A gentle introduction to UX & usability

This is the first of a series of posts which will cover topics from my UX & Usability session at LIANZA Conference 2010. I'm hoping these will be a little tidier than the session, which was rewritten continuously as I listened to the other presentations! I'll also include some links to blogs, meetups and other conferences which may be useful to anyone new to the UX community.

UX translates as "user experience" and has a somewhat fluid meaning. It may be seen to encompass activities such as user research, design, and ongoing customer support. It overlaps with marketing and market research, and with much of the day to day work librarians do with customers. Use of social media to connect with customers might also be seen as a form of user research, with a continuous feedback loop in action.

User research has two important outcomes:

  1. It enables the people who design, build and operate a service to step away from their vantage point and see the service from their customers' point of view.
    At the Wellington UX Barcamp last month, Nick Bowmast gave presentations about the role of the user researcher in enabling a design team to empathise with the users of a product, and, how he's been presenting the research in a visual format rather than as written reports, with great results (example at the end of this post).
  2. It produces and/or analyses data about usage of the service and the outcomes of this usage, which can be used to support decision making (e.g. new features or content to be added, budget allocations, support requirements).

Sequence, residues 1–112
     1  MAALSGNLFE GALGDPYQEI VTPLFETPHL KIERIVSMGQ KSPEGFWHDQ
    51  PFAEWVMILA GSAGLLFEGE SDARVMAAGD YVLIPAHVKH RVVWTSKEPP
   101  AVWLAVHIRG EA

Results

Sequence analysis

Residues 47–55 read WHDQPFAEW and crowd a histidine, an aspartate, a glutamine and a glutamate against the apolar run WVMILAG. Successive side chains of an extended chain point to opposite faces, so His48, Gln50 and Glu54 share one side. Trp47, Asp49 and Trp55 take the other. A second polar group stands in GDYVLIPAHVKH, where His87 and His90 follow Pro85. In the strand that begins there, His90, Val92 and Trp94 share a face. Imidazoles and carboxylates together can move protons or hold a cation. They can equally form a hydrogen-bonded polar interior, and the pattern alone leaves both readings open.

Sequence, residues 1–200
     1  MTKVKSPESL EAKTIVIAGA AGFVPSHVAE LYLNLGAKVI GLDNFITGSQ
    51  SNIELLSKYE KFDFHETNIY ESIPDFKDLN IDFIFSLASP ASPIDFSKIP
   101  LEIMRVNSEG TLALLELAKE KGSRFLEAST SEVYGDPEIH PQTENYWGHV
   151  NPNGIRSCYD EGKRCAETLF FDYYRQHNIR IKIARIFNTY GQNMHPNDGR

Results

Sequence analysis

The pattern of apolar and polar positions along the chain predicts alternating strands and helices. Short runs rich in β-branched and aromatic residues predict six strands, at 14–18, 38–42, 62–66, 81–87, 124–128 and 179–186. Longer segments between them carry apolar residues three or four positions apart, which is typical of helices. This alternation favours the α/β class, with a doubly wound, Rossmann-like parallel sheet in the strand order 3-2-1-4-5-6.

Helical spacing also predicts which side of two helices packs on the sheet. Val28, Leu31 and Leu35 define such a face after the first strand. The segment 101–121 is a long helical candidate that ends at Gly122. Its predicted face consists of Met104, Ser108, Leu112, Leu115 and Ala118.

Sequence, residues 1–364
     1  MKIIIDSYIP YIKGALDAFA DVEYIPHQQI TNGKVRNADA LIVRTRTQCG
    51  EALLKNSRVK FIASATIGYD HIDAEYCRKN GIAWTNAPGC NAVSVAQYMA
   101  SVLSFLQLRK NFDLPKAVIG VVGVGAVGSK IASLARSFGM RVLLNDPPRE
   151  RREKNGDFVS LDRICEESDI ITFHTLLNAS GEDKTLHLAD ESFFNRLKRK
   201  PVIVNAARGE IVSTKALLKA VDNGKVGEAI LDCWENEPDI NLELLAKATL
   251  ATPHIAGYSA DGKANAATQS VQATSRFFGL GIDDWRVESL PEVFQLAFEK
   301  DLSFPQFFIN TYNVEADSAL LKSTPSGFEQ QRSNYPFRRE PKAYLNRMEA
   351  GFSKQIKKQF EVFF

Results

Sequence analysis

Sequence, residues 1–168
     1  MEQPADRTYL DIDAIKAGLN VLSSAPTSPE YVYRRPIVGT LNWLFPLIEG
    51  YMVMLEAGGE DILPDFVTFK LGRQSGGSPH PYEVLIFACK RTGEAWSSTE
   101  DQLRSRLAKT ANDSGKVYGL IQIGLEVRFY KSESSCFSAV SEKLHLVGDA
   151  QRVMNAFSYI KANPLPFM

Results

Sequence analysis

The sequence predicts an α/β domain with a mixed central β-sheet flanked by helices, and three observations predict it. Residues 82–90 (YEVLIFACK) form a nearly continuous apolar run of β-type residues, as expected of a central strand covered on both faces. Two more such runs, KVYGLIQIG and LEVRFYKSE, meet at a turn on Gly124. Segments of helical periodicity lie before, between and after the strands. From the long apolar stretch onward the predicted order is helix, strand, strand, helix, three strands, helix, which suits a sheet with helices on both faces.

If you missed it, Carol Tenopir's LIANZA keynote "Sharpening the Value Edge of Academic Libraries" took us through measuring usage, outcomes (for example the effect reading articles provided by a library has on research output), and ROI. Watch the presentation on the LIANZA website, or see LIBvalue for further information.

The next posts in this series will cover exploratory user research such as interviews and surveys, usability testing, and using web statistics, all in relation to peoples' experience of searching and browsing library collections online.

For more on UX and user research check out Patrick Kennedy's 'Five user research methods you've probably never seen'.

Finally, below is one of Nick Bowmast's graphical presentations of user research. This is from a 2008 study looking at how early adopters of technology were finding, viewing, storing and sharing digital media content. Presenting this visually allowed complex information to become digestible and approachable as a basis for discussion with stakeholders.

Illustration indicating many of the elements involved in user experience work, and the connections between them.

By Rebecca Cox

Rebecca was the National Library's usability expert.

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